One of the key elements of the e-Commerce Directive (2000/31/EC), and one that has underpinned the development of the internet in Europe, is the principle that intermediary service providers (ISP) are not liable for the content of “illegal” information that they transmit, cache or host, provided that they do not modify the information or have actual knowledge of its illegality and act expeditiously to remove or disable access on becoming aware of it. This exemption from liability is sometimes referred to as the “mere conduit” exemption.
The intermediaries’ exemption under the e-commerce Directive and the conditional liability regime are generally seen to have remained relevant despite technological and market developments since their adoption and as having provided the legal certainty needed to allow Internet-based services to evolve. However, the current procedural rules for dealing with illegal content by hosting providers are unclear, due to a highly diverse approach to implementation of the e-Commerce Directive rules, leading to a patchwork of different regimes across all 28 Member States. In the current situation, the removal of illegal content can be slow and complicated. There is also a lack of transparency on individual intermediaries’ procedures and practices when taking down content. At the same time there are also strong indications that the current uncertainty leads to a significant amount of unjustified take-downs which adversely affects the freedom of expression and the freedom to conduct business on-line.
The EU legal framework on the liability of online intermediaries is complemented by the legislative framework for civil IPR enforcement (Directive 2004/48) covering all on-line and off-line intermediaries including ISPs as well as the injunctive relief provisions provided in the copyright directive (Directive 2001/29) solely for on-line service providers. The differences in implementation of these provisions in the Member States, with their differing national jurisprudence on tort and unfair commercial practices have not allowed for effective enforcement on the internet across the borders of the internal market. This was recognised in the results of the public consultation on IPRED undertaken in July 2013 where the lack of clarity of the role of intermediaries in assisting in enforcement of IPR and the difficulties to get injunctive relief from intermediaries across the Union against on-line commercial scale infringers was highlighted. In particular, stakeholders have expressed the view that the current fragmentation and legal uncertainty have rendered the protection of property rights inefficient and are having a detrimental effect on the fight against online crime, including in areas such as the fight against hate-speech and child pornography.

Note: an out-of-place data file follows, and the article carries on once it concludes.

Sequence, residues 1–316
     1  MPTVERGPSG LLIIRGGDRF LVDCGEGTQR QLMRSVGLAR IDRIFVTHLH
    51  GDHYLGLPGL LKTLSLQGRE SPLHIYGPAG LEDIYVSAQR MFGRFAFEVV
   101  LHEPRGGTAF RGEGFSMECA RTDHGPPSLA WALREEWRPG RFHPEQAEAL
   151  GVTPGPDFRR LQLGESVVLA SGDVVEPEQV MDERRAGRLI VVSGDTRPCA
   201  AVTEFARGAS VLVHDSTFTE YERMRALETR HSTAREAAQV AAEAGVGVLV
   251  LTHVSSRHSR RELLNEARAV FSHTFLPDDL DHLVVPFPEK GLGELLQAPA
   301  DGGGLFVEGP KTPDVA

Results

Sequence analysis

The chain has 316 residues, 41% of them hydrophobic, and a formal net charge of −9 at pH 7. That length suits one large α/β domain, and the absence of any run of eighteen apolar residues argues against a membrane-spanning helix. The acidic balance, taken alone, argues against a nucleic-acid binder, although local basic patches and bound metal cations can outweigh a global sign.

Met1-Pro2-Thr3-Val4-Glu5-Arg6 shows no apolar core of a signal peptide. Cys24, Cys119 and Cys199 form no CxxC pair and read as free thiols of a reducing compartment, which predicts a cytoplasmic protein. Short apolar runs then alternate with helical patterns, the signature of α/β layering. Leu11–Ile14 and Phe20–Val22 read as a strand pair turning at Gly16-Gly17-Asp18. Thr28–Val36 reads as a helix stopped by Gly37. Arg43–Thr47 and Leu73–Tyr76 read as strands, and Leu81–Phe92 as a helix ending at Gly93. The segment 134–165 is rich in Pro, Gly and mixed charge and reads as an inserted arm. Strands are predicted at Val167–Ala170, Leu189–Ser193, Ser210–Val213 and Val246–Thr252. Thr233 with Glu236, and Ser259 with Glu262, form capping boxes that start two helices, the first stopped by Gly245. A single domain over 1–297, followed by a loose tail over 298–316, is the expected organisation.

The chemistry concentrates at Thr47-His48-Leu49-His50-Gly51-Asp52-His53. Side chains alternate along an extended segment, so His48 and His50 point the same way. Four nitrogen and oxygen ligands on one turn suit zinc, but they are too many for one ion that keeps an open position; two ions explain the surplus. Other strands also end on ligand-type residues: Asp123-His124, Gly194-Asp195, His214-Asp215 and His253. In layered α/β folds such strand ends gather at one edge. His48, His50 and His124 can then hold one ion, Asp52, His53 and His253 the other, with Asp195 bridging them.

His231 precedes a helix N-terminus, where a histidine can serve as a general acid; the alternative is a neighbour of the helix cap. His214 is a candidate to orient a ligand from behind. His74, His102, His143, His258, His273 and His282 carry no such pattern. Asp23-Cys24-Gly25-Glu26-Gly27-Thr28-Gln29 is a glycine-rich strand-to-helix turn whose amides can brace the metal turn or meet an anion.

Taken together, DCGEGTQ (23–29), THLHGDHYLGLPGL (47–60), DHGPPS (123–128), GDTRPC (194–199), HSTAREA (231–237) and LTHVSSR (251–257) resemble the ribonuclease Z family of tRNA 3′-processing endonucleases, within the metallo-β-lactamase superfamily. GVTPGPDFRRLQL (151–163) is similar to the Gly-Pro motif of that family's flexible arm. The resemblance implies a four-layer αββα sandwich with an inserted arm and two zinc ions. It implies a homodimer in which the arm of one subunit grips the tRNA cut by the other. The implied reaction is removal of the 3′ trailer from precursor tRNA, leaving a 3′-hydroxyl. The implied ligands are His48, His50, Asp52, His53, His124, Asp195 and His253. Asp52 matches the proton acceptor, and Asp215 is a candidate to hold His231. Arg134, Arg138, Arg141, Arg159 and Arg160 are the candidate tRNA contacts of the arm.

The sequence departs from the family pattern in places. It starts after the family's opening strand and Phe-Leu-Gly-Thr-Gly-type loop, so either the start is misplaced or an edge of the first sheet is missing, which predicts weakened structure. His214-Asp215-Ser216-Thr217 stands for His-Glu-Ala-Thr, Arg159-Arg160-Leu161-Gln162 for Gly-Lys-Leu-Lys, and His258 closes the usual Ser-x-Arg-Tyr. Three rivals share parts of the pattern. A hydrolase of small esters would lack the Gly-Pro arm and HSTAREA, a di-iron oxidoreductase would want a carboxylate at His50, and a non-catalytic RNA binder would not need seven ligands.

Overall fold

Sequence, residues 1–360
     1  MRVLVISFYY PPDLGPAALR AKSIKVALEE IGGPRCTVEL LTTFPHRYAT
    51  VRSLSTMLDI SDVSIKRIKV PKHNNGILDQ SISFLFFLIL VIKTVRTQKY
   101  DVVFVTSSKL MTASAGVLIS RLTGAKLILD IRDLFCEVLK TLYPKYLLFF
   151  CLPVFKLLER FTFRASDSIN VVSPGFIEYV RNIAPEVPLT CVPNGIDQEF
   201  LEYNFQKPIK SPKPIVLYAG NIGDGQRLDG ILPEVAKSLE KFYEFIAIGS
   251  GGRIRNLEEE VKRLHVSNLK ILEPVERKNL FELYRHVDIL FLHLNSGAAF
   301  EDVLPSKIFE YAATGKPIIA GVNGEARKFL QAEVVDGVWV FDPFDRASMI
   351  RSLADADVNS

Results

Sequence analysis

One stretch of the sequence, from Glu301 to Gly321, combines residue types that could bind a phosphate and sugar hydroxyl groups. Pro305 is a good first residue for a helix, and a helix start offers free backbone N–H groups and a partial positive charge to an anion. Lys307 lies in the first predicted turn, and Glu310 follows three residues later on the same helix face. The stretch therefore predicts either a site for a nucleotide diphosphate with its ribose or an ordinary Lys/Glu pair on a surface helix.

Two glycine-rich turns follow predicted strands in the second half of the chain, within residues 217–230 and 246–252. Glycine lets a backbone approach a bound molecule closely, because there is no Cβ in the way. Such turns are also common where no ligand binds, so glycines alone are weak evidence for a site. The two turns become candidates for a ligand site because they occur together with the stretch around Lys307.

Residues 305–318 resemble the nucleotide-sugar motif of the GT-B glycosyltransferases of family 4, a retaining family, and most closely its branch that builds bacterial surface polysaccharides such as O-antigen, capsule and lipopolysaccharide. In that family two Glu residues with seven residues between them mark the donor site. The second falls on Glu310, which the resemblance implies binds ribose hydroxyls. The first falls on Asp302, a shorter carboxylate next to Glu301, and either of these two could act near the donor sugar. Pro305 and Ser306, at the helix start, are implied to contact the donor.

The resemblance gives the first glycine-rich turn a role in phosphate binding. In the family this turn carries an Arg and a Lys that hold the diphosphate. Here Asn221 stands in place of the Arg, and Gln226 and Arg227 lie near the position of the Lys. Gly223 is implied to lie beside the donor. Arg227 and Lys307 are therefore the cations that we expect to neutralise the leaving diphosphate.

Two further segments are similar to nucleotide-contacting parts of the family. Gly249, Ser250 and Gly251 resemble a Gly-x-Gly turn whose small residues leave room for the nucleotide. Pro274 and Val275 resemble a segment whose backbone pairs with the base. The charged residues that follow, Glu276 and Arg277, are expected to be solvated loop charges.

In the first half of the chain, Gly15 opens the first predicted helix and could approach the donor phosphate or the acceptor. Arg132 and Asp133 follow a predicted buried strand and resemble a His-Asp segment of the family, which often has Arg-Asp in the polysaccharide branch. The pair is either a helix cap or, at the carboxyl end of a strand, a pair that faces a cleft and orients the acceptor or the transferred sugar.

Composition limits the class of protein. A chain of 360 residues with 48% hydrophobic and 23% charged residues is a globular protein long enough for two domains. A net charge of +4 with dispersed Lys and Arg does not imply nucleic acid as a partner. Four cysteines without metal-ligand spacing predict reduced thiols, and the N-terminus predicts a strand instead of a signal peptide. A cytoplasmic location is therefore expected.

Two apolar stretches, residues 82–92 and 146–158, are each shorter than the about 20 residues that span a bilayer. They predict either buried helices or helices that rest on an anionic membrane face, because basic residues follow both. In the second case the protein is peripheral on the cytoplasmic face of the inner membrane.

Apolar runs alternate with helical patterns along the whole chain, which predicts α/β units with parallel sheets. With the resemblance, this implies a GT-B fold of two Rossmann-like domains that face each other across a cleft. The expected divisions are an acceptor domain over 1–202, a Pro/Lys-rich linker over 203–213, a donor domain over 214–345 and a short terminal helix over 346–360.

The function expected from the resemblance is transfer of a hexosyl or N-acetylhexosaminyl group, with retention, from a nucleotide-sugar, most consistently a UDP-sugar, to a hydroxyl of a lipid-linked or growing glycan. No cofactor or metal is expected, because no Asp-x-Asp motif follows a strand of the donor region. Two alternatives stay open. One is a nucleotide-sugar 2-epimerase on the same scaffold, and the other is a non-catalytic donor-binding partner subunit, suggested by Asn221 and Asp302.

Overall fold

There is also a question as to where the dividing line should be drawn between passive use of content by intermediaries, benefiting from the liability exemption, and activities which involve use of the content in such a way as to stray outside the scope of the exemption. Some players in the digital economy (platforms and aggregators) might be regarded as no longer having a genuinely neutral role in relation to the content they host because they run activities that are not limited to a “mere conduit” or storage of information. There are therefore calls from public authorities, law enforcement and the IPR / copyright community to re-balance the rights and obligations of online intermediaries and other actors as regards illegal or harmful content. The question is whether to enhance the overall level of protection from harmful material by requiring a more rigorous and harmonised implementation and enforcement of the conditions allowing online intermediaries to benefit from the liability exemption or whether also require intermediaries to exercise greater responsibility and due diligence in the way they manage their networks and systems, in a context of due process and legal oversight, so as to improve their resilience against the propagation of illegal content and increase transparency and thereby confidence in the online environment.
Article 15 of the e-Commerce Directive bans the imposition by Member States of a general obligation to monitor content. On the other hand, following its Recital 48, the e-Commerce Directive does not affect the possibility for Member States of requiring hosting service providers to apply duties of care, which can reasonably be expected from them and which are specified by national law, in order to detect and prevent certain types of illegal activities. Finally, Article 16 encourages the drawing up of codes of conduct at Community level (involving associations or organisations representing consumers) to contribute to the proper implementation of the Directive. At national level, some self-regulatory initiatives have taken place with diverging results, especially as regards protection of minors (hotlines), in the framework of Directive 2011/92/EU. Therefore, the Commission’s proposal for a Directive on Network and Information Security added an obligation on ISPs to report incidents having a significant impact on the security of the core services they provide. Ideally, there should even be an obligation for ISPs to report serious incidents of a suspected criminal nature to law enforcement authorities. However, the proposed provision in the NIC Directive has not made so far its way through the decision-making process.